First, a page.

Project-Based Learning (PBL)

Mediterranean Mystery Solved: An Ancient Artifact Counts

Modern technology cracks the code of “the world’s first computer.”

June 14, 2007
Credit: NASA

Just over a century ago, sponge divers working the waters near Antikythera, a Greek island between the mainland and Crete, discovered the wreck of an ancient ship. Now, anyone who has ever gone snorkeling in Greece knows it's not unusual to swim over bits and pieces of the past, usually broken wine and grain pots that once lay in the holds of sunken sailing ships devoured by worms long ago.

But what the sponge divers found was anything but usual: the pieces of a device of sorts, consisting of thirty bronze gears and dozens of smaller parts and fragments encrusted with rust and corrosion. What has become known as the Antikythera Mechanism was a mystery even to the curators who put it on display in the archaeological museum in Athens.

It has been studied over the years since its discovery, and at various times scientists and archaeologists have attempted to replicate the device. But since 2001, a group of European scientists called the Antikythera Mechanism Research Project has utilized state-of-the-art technology both to decide definitively the purpose of the device and to build an accurate replica. This reproduction is a key feature of a newly launched exhibition called Gods, Myths, and Mortals: Discover Ancient Greece at New York City's Children's Museum of Manhattan.

"The mechanism is displayed in a Plexiglas case," says Eleni Daniels, a consultant for the museum. "Along with the device, there is software to let kids study one fragment of the machine. Kids don't study the classics anymore, and we want them to realize how intelligent the ancient Greeks were and how advanced their science was." The museum plans to develop an interactive Web site within the next few months so students can study the mechanism without traveling to New York.

The projects core team of specialists -- astronomers Xenophon Moussas, Mike Edmunds, and John Seiradakis, mathematician Tony Freeth, physicist Yannis Bitsakis, and paleographer Agamemnon Tselikas -- used technologies developed by Hewlett-Packard Labs and X-Tek Group, based in the United Kingdom, to uncover and decipher inscriptions etched into the brass of fragments of the mechanism, raising to a new level radiographic research that began in the 1960s. While HP supplied software, X-Tek shipped to Athens an 8-ton X-ray machine developed for safety inspections of jet turbines. This device, nicknamed Bladerunner, produced three-dimensional images of what lay beneath 2,000 years of corrosion.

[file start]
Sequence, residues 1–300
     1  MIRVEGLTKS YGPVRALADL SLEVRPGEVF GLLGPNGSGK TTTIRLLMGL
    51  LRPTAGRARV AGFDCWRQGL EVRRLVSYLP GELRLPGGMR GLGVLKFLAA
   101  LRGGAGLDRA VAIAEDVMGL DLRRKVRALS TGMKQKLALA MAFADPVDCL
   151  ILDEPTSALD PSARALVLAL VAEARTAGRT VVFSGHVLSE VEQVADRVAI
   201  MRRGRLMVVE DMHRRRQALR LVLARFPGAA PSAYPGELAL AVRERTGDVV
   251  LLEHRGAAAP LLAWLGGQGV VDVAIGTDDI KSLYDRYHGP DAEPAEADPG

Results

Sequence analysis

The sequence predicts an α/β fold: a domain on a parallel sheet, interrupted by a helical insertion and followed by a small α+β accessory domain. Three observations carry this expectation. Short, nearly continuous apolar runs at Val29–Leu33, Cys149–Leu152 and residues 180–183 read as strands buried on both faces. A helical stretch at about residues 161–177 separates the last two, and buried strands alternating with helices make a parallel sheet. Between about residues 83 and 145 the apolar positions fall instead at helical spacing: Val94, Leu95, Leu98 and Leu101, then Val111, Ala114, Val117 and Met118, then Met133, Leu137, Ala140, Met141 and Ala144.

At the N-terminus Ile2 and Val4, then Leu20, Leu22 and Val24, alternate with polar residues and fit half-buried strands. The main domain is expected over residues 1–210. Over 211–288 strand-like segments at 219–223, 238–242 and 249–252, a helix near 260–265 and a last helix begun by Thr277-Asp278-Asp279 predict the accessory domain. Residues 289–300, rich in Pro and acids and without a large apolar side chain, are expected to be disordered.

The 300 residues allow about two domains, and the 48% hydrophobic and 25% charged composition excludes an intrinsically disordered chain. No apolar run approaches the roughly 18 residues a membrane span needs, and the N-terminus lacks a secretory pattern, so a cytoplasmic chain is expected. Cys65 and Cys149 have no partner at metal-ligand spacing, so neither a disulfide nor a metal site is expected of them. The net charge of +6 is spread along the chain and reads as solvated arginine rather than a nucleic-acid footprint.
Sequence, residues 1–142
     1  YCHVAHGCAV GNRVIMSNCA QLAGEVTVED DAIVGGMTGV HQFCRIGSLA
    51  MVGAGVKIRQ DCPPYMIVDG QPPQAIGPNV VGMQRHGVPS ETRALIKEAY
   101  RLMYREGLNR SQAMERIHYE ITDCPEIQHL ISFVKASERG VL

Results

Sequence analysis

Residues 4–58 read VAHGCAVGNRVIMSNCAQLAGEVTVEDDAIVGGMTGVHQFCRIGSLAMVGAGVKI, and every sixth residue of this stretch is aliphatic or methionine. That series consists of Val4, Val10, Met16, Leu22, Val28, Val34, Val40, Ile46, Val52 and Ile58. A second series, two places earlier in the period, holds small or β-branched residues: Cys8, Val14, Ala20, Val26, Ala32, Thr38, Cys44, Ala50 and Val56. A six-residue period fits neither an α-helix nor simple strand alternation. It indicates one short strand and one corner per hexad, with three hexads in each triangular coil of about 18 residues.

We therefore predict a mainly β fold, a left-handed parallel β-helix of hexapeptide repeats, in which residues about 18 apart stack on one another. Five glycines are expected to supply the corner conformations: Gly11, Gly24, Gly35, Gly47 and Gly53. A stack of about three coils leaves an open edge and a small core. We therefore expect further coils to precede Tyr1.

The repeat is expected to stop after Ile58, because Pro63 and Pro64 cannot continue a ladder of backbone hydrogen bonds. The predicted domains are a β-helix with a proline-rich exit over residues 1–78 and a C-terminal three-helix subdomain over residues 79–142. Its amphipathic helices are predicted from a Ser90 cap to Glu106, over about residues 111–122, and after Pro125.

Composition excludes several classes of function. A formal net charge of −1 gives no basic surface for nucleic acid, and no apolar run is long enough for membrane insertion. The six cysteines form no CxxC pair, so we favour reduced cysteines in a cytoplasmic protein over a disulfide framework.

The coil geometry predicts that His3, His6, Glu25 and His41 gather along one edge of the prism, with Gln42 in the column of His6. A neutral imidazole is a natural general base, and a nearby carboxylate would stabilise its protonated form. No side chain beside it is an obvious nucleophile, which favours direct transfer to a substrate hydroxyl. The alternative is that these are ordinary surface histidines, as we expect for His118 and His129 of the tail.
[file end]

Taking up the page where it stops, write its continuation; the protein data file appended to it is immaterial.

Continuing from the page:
The inscription turned out to be a kind of user's manual, enabling the team to determine that the thirty hand-cut bronze gears and dials (originally housed in a wooden frame) formed an analog computer most likely used to plot the orbits of the planets, predict eclipses, and affix the date for the quadrennial Olympic games. The inscriptions include the names of the planets and the signs of the zodiac, plus the word Ispania, the oldest known text reference to Spain. Based on the form of the Greek letters on the device, Moussas estimated it was constructed during the first half of the first century BC, making it what is now thought of as the earliest known computer.

Moussas, who grew up in Athens not far from the archaeological museum and saw the device as a child, considers it more complex than anything created for at least the next thousand years. Though the mechanism was found on the sea floor, it was not used for navigation. Instead, some scientists think the ship on which it was carried may have sunk while carrying the remarkable machine to Rome.

The Antikythera Mechanism is a dramatic indication that if the subsequent fall of the Roman Empire had not led to the Dark Ages, technology and science in the Western world might have progressed far faster than they did. Just imagine what Copernicus might have done if hed had an iteration of the Antikythera Mechanism in his candlelit study. "Dr. Moussas and his team are giving the children of New York a priceless scientific and educational gift," says Andrew Ackerman, executive director of the Children's Museum.

After an eighteen-month sojourn there, the device's reproduction, as part of the Gods, Myths, and Mortals exhibition, will begin a four-year tour of several other major American cities.

Owen Edwards is a contributing editor for Edutopia and Smithsonian magazines.

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